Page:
November Stack screen shot NovemberStack, in grayscale

Step 5 –
Convert Ice Concentration to Ice Extent

The images you've been working with show ice concentration. In these, each pixel shows the amount of ice present in the area it represents, from 0 to 100 percent. Rather than estimating the amount of ice from concentrations, you'll convert the ice concentration images to show ice extent. To accomplish this conversion, we'll consider every pixel that has a concentration of at least 15% ice as ice-covered and areas with less than 15% ice as not covered by ice.

Why Measure Sea Ice Extent instead of Concentration?
From Ice Scientist Dr. Walt Meier

Sea Ice Extent is used instead of Sea Ice concentration for two reasons:

1. It makes for a simpler analysis. Every grid cell (pixel) in an extent image is either ice or no-ice. The total region covered by ice can be calculated by counting up all the ice pixels and multiplying by the area represented by each pixel (625 square km). If concentration were used, each grid cell would first need to be multiplied by its specific percent concentration to calculate the amount of ice.

2. For the satellite records from 1978-present, two different sensors were used. Their characteristics differ slightly, most notably for this discussion, in how near to the pole they can obtain data. The older sensor is not able to get any data north of 83 degrees latitude; the newer one can obtain data up to 87 degrees latitude. For the past 20 years, it is reasonable to assume that any region north of 83 degrees latitude is substantially covered with ice throughout the year. Thus, we can assume that the "pole hole" where the sensors do not obtain data is "ice-covered." This allows extent estimates to be continuous over the whole record. However, if concentration were used, we would not know the concentration of ice for areas in the "pole hole," so our record would be inconsistent.

The following pages from NSIDC explain more about the science of remote sensing of sea ice.

As discussed above, it is more appropriate to investigate extent, the region covered by at least 15% ice, instead of concentration. To convert to extent, you'll Threshold the image to select only those pixels with concentrations of ice from 15-100%. Thresholding highlights the pixels of interest in red.

    threshold_slider tool Threshold dialog box - drag the sliders or click the arrow buttons to set the threshold values
  1. Choose Image > Adjust > Threshold
  2. Pixels that have values between 38 (15% ice) and 250 (100% ice) represent ice covered pixels. Threshold the image to highlight values from 38 to 251. By using 251 instead of 250, you also select the pole hole region
  3. Do NOT click anything else in the Threshold window; simply close the Threshold window.

Step 6 –
Outline your Area of Interest - Hudson Bay

Map of the Arctic with villages of interest labeled. Map courtesy of Dr. Walt Meier
  1. Look at the map on the right to find the village of Churchill. As it is within Hudson Bay, you'll measure the extent of the sea ice within that entire bay on each of your November images. (click on the map for a larger version)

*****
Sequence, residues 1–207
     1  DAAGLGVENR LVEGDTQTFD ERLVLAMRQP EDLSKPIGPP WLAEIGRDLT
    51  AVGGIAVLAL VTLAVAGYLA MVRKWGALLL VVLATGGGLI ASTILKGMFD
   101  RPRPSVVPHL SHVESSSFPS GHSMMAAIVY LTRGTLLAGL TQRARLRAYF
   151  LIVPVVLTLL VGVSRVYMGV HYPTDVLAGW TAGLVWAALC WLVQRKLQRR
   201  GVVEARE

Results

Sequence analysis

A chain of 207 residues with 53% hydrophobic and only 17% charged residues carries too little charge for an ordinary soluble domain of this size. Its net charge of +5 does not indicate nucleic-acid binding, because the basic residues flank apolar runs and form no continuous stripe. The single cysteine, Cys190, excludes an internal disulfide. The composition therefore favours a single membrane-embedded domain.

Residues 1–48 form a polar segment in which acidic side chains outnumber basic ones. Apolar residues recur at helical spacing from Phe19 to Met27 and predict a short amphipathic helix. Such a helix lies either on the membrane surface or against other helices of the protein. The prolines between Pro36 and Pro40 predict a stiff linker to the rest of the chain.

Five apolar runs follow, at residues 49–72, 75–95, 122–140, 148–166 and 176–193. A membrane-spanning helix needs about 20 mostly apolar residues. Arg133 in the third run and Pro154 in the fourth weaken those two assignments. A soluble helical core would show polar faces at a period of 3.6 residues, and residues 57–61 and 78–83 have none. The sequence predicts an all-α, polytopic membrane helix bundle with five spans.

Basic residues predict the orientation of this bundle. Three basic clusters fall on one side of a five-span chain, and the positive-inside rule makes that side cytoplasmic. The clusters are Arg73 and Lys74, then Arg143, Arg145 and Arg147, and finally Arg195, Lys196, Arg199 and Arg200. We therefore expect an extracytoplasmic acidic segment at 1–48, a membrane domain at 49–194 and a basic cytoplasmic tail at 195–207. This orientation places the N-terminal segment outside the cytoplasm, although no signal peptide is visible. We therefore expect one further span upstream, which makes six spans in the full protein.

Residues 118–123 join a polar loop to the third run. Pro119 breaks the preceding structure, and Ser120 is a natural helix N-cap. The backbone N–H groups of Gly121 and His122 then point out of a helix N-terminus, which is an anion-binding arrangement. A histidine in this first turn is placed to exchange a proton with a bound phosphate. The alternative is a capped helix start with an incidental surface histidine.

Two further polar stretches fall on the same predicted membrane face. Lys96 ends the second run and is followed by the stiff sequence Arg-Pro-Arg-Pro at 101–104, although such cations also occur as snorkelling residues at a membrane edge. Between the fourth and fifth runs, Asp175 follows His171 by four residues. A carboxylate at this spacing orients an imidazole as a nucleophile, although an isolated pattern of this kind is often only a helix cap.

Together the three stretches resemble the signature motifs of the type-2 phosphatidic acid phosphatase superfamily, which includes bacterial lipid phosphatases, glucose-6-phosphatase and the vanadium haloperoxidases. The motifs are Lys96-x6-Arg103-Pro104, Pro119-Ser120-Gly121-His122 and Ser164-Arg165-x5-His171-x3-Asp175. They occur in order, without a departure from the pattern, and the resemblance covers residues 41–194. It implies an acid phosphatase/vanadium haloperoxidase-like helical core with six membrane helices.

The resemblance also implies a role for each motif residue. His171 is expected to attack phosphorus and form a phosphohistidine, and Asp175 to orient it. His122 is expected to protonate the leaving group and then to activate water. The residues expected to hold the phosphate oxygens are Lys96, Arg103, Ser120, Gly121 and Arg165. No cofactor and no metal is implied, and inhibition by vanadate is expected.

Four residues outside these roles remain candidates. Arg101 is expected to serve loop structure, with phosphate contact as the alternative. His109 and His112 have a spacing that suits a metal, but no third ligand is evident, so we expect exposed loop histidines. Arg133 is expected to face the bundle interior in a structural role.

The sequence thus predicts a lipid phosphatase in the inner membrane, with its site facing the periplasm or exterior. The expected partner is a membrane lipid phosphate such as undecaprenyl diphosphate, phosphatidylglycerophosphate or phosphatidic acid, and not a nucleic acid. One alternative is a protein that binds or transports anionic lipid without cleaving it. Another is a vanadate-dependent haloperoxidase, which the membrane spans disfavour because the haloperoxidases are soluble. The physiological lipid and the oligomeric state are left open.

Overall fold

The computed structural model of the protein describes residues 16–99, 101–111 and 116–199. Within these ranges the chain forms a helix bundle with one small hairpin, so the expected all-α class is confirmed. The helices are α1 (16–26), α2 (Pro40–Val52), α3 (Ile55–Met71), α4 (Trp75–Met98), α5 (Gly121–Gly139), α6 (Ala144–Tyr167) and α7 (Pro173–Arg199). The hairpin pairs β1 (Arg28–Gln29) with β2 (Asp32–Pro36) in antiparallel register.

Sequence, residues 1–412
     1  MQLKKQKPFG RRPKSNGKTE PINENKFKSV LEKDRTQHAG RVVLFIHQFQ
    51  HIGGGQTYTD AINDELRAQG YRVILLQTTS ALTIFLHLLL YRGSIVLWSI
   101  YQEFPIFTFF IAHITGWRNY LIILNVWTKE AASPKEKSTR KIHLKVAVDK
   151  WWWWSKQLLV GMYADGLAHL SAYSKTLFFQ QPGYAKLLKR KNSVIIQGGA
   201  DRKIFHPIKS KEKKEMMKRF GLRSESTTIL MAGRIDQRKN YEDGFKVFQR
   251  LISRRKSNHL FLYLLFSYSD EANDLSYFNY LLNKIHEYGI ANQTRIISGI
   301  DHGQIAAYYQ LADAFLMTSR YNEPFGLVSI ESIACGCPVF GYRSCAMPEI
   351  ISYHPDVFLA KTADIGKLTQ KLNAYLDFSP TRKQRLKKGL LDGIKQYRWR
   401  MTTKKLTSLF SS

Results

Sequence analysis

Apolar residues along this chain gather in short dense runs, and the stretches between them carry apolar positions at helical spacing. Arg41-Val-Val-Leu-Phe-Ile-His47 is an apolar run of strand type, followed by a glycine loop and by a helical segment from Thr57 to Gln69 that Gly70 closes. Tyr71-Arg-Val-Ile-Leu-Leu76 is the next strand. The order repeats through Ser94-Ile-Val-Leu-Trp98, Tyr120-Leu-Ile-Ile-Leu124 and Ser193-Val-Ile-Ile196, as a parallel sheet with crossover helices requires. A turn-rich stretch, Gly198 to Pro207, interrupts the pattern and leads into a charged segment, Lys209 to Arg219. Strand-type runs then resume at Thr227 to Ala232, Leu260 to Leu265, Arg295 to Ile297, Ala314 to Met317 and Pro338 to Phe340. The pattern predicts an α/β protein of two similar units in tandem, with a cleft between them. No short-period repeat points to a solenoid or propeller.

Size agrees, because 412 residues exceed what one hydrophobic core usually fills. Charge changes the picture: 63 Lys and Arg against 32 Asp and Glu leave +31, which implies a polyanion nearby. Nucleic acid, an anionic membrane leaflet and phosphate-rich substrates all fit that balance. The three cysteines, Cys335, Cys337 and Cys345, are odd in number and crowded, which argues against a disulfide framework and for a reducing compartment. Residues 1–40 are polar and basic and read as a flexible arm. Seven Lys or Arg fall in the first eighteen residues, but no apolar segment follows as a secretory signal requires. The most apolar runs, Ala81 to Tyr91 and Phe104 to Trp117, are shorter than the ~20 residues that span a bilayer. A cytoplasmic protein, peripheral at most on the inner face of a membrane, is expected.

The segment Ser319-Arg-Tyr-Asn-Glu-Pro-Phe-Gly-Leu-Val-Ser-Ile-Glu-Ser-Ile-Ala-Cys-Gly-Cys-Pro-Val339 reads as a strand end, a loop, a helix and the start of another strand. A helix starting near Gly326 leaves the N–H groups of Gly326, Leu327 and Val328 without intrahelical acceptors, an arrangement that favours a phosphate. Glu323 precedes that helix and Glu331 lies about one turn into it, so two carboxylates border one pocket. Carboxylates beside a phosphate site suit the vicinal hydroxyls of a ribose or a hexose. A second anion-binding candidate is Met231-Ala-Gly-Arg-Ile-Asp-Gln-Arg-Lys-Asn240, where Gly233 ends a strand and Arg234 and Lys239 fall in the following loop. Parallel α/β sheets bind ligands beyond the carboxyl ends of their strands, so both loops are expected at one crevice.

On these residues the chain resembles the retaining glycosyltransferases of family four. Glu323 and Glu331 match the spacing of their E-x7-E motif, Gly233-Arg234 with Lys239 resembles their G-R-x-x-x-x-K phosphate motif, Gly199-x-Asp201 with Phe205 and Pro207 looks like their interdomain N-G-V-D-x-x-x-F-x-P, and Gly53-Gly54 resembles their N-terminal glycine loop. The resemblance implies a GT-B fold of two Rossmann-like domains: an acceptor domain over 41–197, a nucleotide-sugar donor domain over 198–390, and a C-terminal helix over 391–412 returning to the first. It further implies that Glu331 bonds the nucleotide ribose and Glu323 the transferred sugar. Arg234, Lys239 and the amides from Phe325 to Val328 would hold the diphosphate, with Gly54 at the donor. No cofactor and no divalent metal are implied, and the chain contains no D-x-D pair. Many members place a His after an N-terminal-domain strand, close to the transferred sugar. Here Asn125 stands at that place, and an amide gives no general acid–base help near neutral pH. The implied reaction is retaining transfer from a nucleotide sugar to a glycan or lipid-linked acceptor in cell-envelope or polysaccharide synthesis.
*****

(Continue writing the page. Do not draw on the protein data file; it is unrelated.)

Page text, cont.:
2. Locate Hudson Bay on the map of your November Stack images.
  3. Select the polygon tool in ImageJ. On the first image in your November stack, draw a polygon around Hudson Bay. The boundaries of the region that you select do not need to be exact, but you will want to select all of Hudson Bay and avoid other ice water areas such as lakes.

  4. image J toolbar

    To make a Polygon selection single click on the Polygon tool (circled), return to your image and click around your area of interest. ImageJ will only analyze the pixels within your selection.

    November Stack with threshold and selection

    November Stack with thresholding applied and Hudson Bay selected. Once you have completed your selection you will have an outline around Hudson Bay as shown in this image. Be careful not to select areas too far from Hudson Bay where there are other lakes.

Step 7 –
Measure November Ice Extents

  1. To set ImageJ to record the measurements you want, choose Analyze > Set Measurements...
  2. Check the boxes next to Area, Limit to Threshold, and Stack Position. Uncheck any other boxes. Click OK.
  3. analyze_set_measurementsSet measurements pulldown and dialog box
    set measurements window
  4. Choose Analyze > Clear Results to delete any previous measurements from the Results file.
  5. Choose Analyze > Measure to have ImageJ count and record the number of highlighted pixels inside your selection.
  6. Advance to the next slice in the stack using the ">" (period) key on your keyboard, then press "alt-M" (command/Apple M on a Mac) to record the measurement. Continue measuring for each image in your stack. Each measurement you make will generate a new row in the Results table. Note: Don't worry if you measure an image twice, this can be cleaned up in the next part of the process.
  7. When you have measured all 28 slices, save your Results so you can bring them into Excel for graphing.

  8. Click your Results window to make it active. Choose File > Save As... > Results...and enter .xls as the file extension for spreadsheet.
  9. Name your new file NovemberResults.xls and click Save. Save it in your Sea Ice Folder.
  10. Save your stack again, just in case you need to go back to it.